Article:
The important aspects here are the fact that filling stations do not need to operate a compressor unit, which poses a potential safety hazard and consumes a lot of fuel. Instead, vehicles can tap directly into the natural gas grid, conceivably even at home - provided the fuel nozzle meets safety codes. In Europe, this would pose a huge revenue shortfall for the taxman, unless NG were to become more expensive regardless of its intended use - which might be a rather good idea.
The other huge advantage of this innovation is that at these lower pressures, the tank does not need to be spherical or cylindrical, making it much easier to fit in the vehicle, perhaps even in voids in the load-bearing structure. Mind you, it would still need to be quite a bit heavier than a standard gasoline tank.
Posted by: Rafael Seidl | 17 February 2007 at 02:01 PM
112 gallons of NG for 20 gge? No sweat. If a car capable of 30mpg, it would need only 10 gallons to go 300 miles. If it is capable of 60mpg like the Prius, then it would need only 5 gallons of gasoline. So, divide 112 by 4 will get you 28 gallons. 14 gallons can be in one tank under the seat, and the other 14 gallons can be under the trunk. Run-flat tire can eliminate spare tire. To retain the same trunk space, the car will have the back raised like a station wagon. Lithium battery with improved volumetric density over NiMh will take less space, for HEV.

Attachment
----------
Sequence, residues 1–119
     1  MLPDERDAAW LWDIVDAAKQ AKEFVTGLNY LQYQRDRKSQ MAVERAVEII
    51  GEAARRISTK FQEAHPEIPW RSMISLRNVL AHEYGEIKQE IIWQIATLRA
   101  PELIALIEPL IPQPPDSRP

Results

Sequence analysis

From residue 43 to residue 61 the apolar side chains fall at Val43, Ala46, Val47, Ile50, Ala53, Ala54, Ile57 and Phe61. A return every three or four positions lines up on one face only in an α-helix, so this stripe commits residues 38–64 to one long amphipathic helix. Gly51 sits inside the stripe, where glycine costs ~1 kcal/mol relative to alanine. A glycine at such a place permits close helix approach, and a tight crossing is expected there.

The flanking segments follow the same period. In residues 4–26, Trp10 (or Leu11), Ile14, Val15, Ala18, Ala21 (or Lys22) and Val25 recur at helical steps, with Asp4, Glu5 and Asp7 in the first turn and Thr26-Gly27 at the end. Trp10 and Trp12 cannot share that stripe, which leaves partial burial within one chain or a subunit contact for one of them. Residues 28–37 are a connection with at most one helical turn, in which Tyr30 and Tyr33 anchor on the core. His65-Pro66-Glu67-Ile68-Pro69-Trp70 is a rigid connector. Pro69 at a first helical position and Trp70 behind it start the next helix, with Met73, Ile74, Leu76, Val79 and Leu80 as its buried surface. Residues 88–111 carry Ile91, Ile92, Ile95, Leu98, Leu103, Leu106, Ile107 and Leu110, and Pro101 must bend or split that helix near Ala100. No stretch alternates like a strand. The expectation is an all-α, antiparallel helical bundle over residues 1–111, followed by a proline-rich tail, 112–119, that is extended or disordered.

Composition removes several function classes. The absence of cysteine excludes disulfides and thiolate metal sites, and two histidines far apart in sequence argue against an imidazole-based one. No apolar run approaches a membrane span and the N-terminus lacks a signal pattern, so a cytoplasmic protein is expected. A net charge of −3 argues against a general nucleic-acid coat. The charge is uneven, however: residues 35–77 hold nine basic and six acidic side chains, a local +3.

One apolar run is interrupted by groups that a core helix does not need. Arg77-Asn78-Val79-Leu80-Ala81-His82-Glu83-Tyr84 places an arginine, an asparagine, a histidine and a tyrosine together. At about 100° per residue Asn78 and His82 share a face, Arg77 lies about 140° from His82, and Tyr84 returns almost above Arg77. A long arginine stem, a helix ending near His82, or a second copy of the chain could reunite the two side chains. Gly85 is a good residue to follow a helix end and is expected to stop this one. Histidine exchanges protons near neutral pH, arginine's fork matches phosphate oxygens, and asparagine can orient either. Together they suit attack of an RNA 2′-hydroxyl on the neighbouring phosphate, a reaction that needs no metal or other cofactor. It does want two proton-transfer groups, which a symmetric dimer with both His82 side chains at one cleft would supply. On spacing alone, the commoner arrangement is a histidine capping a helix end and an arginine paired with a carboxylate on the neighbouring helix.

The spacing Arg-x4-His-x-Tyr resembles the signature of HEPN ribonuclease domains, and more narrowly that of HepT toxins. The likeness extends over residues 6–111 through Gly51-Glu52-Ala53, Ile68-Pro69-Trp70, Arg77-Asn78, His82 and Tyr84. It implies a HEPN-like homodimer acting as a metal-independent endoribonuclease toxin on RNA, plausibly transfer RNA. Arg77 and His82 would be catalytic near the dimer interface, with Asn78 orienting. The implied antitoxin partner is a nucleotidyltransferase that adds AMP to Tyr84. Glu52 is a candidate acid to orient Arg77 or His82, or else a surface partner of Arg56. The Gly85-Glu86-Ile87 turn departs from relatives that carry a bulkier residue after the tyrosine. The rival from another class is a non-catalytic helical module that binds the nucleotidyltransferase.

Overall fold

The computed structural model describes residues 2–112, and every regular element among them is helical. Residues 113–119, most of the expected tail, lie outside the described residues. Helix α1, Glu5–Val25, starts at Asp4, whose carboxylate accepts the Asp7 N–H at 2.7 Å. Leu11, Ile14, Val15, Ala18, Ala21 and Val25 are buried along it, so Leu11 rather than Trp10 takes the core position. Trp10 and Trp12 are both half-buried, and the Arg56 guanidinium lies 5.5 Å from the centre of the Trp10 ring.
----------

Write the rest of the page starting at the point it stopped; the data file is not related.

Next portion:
"How to get the methane back out?"
As the pressure decreases from 500psi, the methane will come out to maintain equilibrium, until the tank is drained to zero pressure. No need for heating.
I think that pure methane is desirable, but other materials will come in and will come out according to the equibrium constant of each chemical, just like in a chemical equilibrium reaction. Believe it or not, even carbon monoxide will get out of your hemoglobin, even though the rate of dissociation of CO out of Hgb will be much lower than the rate of association of CO to Hgb. It's all about equilibrium state. Higher molecular-weight hydrocarbons or hydrophobic materials will probably adsorb much more tightly to the carbon and eventually will decrease the capacity of your NG tank.
Posted by: Roger Pham | 17 February 2007 at 02:37 PM